The electromagnetic spectrum is divided into sections based upon wavelength. The visible part of the spectrum lies between about 380 and 750 nm. At slightly longer wavelengths, beyond what the human eye can see, is the infrared part of the spectrum between about 750 nm and 1 mm.
This wavelength range is dominated by thermal emission. In fact, the human body emits radiation primary at infrared wavelengths. As it turns out, dust in star forming regions glows brightly in the infrared. This dust absorbs ultraviolet radiation from stars, heats up, and then re-emits radiation at infrared wavelengths. By looking at these longer wavelengths, astronomers gain new insights into the structure and composition of the ISM. For example, let’s consider the constellation Orion. If you look in the optical you simply see the familiar stars (shown on the left below). But, in the infrared, the view is completely different. Each bright patch in the image on the right is a dusty cloud where young stars are forming. These young stars are completely invisible at optical wavelengths, but easily seen via their thermal emission in the infrared.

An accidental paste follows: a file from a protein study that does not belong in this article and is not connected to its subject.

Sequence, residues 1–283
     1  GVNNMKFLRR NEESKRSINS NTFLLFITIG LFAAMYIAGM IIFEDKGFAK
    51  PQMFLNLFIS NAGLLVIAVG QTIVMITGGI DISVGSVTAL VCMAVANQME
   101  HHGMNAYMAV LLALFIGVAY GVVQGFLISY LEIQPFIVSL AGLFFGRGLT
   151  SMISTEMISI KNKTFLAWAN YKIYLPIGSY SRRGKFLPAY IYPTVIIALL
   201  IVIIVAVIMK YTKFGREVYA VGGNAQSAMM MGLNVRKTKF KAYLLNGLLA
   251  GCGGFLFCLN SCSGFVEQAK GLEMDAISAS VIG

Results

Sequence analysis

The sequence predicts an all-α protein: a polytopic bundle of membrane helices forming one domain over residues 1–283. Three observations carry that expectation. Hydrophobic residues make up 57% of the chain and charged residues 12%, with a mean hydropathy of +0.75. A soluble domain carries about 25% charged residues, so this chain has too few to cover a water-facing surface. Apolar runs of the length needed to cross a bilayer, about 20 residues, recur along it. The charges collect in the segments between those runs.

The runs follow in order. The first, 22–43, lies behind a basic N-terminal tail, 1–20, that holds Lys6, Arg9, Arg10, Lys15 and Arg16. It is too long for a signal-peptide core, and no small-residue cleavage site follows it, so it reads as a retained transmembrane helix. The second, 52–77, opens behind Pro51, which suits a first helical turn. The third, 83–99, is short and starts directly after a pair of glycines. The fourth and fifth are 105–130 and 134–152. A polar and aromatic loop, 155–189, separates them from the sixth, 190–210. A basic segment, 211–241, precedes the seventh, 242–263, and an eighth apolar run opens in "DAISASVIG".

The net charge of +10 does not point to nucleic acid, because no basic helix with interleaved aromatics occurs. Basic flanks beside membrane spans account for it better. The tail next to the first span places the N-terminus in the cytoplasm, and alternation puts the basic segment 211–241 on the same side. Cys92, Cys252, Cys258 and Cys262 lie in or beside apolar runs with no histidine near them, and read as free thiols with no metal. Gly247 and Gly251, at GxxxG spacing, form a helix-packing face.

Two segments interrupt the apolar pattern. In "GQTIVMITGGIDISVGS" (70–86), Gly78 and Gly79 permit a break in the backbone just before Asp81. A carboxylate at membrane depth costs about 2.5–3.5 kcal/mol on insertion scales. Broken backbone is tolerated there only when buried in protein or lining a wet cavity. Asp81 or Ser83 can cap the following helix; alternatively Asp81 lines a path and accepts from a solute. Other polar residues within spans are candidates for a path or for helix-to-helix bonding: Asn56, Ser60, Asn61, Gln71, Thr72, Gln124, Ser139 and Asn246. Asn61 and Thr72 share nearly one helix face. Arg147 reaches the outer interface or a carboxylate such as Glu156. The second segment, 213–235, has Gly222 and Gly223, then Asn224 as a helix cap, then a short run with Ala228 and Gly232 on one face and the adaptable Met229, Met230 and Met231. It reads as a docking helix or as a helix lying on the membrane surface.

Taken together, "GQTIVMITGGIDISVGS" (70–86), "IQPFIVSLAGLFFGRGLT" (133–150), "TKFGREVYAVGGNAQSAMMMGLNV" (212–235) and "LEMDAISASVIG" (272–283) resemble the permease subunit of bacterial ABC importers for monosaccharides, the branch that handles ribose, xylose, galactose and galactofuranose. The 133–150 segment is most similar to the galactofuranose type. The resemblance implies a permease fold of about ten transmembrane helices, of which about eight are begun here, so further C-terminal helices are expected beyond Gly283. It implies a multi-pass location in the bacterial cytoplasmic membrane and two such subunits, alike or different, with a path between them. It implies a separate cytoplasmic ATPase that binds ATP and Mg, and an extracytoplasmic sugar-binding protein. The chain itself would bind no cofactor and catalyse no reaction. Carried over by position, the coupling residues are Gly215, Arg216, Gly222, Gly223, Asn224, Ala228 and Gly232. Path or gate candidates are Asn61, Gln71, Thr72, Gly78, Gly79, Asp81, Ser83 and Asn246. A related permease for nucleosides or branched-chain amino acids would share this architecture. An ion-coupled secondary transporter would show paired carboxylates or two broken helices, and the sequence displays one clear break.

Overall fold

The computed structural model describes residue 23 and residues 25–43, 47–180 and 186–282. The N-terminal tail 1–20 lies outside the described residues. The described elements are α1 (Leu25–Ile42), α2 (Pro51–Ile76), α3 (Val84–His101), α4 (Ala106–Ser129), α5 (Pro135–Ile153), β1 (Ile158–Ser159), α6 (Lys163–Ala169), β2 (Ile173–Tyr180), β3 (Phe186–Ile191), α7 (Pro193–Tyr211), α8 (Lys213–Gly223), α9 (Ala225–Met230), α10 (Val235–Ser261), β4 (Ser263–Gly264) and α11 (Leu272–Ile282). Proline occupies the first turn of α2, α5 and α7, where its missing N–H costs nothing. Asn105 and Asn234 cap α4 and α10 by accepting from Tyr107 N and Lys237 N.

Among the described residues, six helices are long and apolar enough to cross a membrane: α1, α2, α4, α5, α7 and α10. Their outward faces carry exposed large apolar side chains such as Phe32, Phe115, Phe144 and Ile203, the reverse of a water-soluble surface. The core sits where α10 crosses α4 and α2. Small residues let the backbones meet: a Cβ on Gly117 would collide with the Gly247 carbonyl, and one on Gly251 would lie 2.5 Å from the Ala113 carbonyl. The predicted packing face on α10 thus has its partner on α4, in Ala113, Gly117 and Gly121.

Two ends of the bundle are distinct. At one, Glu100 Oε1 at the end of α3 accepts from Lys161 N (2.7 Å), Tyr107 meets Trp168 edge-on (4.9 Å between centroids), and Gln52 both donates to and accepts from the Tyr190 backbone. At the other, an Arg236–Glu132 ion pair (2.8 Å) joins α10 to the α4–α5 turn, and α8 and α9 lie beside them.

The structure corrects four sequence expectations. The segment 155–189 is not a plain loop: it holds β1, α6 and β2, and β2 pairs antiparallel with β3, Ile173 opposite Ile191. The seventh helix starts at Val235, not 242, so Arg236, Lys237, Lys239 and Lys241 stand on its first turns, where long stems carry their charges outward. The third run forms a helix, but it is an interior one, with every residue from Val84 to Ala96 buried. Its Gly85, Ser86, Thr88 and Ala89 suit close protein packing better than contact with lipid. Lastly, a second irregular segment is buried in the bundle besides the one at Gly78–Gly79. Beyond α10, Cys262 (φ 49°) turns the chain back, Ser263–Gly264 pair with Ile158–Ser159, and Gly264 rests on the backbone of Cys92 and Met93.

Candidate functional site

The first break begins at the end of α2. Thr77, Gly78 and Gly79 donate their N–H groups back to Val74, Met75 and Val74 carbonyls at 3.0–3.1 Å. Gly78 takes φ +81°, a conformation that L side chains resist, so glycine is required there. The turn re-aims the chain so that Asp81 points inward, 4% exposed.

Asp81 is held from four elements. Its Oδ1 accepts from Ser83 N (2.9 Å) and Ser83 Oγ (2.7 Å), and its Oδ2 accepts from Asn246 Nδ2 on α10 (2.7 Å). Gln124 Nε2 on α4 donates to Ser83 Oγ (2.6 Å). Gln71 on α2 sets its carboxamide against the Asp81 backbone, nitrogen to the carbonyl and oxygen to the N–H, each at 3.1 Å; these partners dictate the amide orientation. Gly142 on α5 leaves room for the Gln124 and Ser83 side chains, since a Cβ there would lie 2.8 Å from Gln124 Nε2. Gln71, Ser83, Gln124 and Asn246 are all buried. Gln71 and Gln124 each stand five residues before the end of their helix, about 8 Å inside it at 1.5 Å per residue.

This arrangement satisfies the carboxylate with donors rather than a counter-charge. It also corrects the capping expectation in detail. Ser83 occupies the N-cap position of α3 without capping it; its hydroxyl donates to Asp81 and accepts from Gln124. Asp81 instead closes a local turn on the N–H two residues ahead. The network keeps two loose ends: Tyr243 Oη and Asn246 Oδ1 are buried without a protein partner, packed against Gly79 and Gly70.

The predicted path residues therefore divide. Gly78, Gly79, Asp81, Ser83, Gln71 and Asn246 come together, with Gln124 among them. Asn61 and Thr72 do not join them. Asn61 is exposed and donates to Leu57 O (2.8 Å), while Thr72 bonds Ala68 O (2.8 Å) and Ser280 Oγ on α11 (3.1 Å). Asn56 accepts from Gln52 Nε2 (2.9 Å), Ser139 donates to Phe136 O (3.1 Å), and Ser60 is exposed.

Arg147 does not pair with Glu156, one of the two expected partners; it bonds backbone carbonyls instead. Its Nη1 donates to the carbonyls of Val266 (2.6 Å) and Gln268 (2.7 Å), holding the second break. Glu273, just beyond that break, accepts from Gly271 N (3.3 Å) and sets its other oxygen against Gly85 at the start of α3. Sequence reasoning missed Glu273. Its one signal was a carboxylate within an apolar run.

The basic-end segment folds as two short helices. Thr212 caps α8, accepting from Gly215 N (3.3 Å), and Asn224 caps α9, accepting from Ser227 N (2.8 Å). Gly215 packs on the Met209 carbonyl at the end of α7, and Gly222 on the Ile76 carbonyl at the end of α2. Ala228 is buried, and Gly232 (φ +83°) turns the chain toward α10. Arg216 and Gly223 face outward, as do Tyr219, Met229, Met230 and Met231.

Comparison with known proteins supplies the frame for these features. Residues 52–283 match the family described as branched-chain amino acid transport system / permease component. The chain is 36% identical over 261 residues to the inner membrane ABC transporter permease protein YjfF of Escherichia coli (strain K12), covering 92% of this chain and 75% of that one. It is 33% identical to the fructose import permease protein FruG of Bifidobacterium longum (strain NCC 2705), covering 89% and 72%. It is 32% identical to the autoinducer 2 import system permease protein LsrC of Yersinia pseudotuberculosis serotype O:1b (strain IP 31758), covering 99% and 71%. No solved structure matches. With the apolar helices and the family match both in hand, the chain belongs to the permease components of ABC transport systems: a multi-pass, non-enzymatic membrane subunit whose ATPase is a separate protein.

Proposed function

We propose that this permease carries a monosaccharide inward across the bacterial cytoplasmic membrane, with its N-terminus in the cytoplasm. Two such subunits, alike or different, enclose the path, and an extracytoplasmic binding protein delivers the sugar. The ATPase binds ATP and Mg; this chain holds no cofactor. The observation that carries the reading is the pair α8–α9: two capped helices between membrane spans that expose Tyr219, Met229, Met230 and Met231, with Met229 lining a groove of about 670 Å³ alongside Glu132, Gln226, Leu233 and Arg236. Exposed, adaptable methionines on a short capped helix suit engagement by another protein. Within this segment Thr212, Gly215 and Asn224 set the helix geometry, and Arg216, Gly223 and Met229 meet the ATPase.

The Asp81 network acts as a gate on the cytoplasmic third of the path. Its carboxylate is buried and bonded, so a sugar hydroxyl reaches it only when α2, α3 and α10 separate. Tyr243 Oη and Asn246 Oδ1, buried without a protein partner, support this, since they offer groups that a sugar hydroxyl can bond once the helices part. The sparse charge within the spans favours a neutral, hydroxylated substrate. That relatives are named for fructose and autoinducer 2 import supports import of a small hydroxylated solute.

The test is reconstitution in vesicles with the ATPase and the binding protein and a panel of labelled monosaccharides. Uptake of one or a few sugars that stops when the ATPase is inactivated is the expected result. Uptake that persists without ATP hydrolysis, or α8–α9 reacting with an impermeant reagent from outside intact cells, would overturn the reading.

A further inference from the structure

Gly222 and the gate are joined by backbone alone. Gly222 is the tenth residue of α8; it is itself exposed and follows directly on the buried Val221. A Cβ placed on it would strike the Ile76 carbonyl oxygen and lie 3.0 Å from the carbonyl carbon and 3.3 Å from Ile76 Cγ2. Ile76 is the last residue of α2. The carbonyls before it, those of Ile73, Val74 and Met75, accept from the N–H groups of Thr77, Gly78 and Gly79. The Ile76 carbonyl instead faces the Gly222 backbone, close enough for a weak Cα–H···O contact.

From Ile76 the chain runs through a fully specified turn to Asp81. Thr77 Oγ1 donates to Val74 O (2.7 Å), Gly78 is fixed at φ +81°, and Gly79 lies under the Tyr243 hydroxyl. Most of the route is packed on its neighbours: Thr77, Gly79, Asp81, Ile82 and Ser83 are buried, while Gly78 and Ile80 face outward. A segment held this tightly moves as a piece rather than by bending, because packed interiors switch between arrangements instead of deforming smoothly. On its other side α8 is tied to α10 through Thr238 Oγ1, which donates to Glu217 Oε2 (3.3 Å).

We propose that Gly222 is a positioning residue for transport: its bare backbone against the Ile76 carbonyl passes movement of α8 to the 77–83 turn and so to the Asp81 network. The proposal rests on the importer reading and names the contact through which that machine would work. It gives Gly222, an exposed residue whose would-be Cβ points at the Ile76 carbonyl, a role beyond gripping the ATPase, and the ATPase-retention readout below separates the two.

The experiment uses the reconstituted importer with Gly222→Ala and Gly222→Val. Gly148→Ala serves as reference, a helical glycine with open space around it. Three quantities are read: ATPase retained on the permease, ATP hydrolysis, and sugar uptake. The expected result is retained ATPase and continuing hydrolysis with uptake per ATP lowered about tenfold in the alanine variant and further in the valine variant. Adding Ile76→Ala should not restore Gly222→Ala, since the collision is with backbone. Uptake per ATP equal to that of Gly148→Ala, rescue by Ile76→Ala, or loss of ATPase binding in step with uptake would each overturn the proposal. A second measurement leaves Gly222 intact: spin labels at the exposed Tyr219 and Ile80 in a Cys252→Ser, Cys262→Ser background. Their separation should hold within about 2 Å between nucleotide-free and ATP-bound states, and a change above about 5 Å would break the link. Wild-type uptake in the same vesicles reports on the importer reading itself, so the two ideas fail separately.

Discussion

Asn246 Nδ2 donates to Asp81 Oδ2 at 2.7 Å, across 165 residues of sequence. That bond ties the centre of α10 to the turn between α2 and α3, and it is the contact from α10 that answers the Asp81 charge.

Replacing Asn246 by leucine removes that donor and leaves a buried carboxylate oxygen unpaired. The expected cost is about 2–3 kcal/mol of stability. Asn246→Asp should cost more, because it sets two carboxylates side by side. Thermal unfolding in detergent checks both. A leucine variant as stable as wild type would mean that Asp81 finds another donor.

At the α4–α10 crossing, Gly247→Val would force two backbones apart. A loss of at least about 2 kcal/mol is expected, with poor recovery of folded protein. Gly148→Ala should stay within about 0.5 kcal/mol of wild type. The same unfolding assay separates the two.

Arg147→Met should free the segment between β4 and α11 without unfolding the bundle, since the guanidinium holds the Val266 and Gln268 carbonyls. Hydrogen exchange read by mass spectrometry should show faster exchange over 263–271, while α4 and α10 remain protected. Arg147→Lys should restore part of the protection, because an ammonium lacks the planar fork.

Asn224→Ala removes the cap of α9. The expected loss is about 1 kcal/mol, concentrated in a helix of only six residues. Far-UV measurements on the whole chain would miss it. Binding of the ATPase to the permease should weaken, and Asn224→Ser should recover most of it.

One unfortunate drawback about infrared astronomy is that the Earth’s atmosphere is mostly opaque at these wavelengths (most infrared radiation entering the atmosphere is absorbed by water molecules). So, astronomers are forced to turn to space. Space telescopes like Spitzer and Herschel have made great advances in infrared astronomy. Very recently, a new infrared telescope named SOFIA has been launched in a converted 747 airplane. By flying at altitudes of about 41,000 feet, SOFIA is able to get above much of the interfering water vapor in the atmosphere.